Classical Review: Barrocade Ensemble

Kiryat Ye’arim Church, Abu Ghosh, November 28.

Bimkom is objecting to a new master plan for Abu Ghosh. (photo credit: REUTERS)
Bimkom is objecting to a new master plan for Abu Ghosh.
(photo credit: REUTERS)
The first feminist music work, Handel’s Italian Cantata Apollo and Dafne (1710), composed centuries before the concept of political feminism was coined as a fashionable term, was performed recently by the Barrocade ensemble.
Rather than yielding to the harassment of an arrogant male deity, Dafne courageously takes revenge by metamorphosing herself into an unharassable laurel. This early work, a predecessor of Handel’s later Italian operas, becomes a highly dramatic confrontation of two strong ego-ridden personalities.
As Apollo, Oded Reich’s forcefully resonating, nuance-rich bass and captivating stage personality, finally mellowing to a moving lament when realizing, too late, that his aggressiveness has cost him the object of his desires, was thoroughly convincing. Einat Aronstein’s bright, clear soprano did not, at first, express the gentle, mild character of a nymph desperately attempting to escape from her aggressor, but sounded too hard and shrill on the high notes, making it hard to understand Apollo’s infatuation with her.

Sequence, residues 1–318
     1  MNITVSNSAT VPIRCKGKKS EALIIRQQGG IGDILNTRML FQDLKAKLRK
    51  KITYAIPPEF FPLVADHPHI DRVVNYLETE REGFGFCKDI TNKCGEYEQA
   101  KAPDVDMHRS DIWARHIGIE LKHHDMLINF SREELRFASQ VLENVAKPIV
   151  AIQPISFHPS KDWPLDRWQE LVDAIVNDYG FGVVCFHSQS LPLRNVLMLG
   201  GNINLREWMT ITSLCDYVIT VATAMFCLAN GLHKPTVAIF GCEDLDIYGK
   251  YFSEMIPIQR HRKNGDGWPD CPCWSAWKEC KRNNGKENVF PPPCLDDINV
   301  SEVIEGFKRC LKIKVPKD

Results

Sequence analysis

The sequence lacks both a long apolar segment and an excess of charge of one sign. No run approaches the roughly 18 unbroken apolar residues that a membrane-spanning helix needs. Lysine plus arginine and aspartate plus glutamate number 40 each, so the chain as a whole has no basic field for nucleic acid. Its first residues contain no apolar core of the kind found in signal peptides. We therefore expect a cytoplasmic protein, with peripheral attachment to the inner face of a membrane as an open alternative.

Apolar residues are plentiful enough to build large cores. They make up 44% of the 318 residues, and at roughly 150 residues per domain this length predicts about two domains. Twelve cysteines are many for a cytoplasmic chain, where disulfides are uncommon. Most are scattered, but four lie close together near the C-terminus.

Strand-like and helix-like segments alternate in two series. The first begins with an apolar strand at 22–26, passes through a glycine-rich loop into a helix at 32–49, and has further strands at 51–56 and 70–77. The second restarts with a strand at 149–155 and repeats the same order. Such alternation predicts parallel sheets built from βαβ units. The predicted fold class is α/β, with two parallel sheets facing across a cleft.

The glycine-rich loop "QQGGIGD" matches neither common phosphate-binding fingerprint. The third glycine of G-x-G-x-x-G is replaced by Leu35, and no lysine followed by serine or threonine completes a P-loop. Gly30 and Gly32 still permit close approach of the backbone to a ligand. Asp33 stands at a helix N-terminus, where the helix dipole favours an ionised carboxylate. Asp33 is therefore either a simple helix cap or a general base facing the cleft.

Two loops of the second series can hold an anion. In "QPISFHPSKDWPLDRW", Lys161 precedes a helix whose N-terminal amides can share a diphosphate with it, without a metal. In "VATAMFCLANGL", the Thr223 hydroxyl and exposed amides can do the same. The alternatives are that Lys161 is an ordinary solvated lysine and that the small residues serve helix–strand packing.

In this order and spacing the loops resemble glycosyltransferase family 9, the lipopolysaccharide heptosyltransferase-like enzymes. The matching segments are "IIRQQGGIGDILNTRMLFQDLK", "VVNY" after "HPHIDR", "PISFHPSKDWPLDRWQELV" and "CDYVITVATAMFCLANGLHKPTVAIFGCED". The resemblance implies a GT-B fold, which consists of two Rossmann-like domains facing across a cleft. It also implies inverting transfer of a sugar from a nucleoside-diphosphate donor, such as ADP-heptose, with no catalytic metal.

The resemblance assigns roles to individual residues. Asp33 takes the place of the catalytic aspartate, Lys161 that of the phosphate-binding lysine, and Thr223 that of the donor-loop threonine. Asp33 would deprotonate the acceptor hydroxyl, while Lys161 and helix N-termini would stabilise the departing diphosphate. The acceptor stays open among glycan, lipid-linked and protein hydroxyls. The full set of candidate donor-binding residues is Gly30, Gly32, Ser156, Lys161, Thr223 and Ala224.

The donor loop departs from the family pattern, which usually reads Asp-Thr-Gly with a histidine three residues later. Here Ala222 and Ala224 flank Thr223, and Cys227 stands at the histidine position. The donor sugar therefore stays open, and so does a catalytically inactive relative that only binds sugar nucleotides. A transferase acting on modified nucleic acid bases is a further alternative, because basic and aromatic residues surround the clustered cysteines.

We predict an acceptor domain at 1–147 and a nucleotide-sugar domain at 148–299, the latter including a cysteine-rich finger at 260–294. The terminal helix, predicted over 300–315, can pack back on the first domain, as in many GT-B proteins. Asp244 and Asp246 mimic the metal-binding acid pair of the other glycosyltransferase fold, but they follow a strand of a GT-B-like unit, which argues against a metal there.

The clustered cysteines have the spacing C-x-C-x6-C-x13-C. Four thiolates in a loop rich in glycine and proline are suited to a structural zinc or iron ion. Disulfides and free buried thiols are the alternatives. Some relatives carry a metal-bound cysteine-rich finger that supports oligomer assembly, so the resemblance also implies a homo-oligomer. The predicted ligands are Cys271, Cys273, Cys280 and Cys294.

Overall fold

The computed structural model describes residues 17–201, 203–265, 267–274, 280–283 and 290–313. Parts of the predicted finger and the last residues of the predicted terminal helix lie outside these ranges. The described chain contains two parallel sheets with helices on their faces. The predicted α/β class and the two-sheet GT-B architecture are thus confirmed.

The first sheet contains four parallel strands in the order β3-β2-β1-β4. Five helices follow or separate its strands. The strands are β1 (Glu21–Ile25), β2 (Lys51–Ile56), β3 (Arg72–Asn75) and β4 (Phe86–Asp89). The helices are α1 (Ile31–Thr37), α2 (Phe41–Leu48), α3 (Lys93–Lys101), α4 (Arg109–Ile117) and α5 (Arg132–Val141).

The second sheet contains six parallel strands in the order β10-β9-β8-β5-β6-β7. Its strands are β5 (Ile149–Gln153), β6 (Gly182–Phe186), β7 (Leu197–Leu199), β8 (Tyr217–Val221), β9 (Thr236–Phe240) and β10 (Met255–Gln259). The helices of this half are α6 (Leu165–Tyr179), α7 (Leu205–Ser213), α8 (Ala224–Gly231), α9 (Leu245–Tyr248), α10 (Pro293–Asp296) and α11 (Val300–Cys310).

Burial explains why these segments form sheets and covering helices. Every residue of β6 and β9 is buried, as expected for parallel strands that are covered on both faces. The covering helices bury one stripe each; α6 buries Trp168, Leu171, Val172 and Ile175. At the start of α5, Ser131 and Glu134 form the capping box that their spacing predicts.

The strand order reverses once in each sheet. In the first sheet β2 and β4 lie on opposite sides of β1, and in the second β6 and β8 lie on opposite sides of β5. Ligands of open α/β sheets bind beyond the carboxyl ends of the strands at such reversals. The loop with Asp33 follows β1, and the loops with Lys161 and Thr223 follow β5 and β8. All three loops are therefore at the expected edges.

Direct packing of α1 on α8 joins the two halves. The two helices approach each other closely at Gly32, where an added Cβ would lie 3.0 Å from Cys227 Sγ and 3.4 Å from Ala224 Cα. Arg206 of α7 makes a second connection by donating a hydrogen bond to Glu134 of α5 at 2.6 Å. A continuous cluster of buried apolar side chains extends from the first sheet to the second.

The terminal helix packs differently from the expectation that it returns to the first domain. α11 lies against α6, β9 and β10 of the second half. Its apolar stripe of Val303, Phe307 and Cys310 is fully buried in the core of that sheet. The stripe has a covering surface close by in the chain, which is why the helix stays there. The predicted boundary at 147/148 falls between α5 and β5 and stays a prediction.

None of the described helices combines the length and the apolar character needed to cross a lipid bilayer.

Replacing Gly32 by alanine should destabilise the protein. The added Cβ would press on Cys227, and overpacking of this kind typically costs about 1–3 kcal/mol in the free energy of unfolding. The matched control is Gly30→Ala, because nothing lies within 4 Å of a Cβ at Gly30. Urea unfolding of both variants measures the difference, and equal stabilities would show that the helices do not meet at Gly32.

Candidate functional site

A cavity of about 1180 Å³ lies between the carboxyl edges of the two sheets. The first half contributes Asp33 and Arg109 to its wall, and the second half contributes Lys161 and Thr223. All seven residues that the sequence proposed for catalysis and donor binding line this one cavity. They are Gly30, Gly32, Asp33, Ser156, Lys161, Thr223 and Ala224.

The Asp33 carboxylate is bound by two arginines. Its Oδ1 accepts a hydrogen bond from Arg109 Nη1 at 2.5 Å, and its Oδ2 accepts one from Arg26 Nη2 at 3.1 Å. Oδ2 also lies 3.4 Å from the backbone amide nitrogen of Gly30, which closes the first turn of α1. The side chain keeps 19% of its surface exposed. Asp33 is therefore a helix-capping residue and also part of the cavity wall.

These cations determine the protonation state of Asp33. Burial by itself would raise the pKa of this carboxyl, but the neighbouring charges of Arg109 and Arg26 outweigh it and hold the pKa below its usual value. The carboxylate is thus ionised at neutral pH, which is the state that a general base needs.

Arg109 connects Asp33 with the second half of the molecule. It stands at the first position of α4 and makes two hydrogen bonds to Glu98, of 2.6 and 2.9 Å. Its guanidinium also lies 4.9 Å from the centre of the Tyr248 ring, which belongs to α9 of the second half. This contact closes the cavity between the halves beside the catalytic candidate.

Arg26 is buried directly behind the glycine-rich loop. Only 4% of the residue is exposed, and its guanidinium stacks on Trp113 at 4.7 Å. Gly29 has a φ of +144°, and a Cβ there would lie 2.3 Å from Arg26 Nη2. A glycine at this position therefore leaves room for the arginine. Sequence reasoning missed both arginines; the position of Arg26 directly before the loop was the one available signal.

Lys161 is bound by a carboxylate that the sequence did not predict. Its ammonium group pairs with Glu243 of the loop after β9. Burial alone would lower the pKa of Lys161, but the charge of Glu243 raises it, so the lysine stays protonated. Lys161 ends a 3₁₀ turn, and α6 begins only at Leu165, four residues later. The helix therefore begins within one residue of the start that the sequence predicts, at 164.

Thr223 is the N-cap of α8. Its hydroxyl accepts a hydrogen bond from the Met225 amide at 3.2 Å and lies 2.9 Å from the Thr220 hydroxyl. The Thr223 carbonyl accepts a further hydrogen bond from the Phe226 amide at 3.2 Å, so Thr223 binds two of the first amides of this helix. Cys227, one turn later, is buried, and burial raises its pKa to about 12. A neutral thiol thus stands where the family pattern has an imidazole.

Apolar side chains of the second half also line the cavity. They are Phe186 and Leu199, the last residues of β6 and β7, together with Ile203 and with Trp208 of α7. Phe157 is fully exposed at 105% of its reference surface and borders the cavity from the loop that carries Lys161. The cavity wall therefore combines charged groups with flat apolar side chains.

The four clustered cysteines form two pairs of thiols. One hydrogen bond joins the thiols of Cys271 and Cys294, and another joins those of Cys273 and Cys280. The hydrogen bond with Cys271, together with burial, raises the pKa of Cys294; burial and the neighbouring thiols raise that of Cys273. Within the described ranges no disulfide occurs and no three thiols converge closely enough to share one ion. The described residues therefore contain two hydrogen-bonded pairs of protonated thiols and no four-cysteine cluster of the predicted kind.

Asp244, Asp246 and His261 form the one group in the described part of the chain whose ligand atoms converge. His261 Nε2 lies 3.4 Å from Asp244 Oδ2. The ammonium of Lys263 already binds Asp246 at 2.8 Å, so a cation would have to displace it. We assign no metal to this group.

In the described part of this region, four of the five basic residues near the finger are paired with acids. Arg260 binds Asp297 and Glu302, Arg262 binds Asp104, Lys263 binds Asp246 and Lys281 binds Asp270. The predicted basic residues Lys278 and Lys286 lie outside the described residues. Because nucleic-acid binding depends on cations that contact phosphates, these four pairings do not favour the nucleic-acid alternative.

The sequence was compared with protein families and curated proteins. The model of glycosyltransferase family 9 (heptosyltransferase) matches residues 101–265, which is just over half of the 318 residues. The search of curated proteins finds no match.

Curtain raisers were Bach’s Orchestral Suite No. 1 and Telemann’s Concerto for Recorder and Viola da Gamba. The soloists, Shai Kribus and Amit Tiefenbrunn, performed in perfect coordination.
The orchestra, conducted by Yizhar Karshon, frequently overshadowed the soloists. This is a common characteristic of inexperienced conductors, who tend to get carried away by the orchestra instead of restraining it and turning its volume down to let the soloists have their say. Phrases were not always articulated clearly, but tended to flow into each other, without breathing space.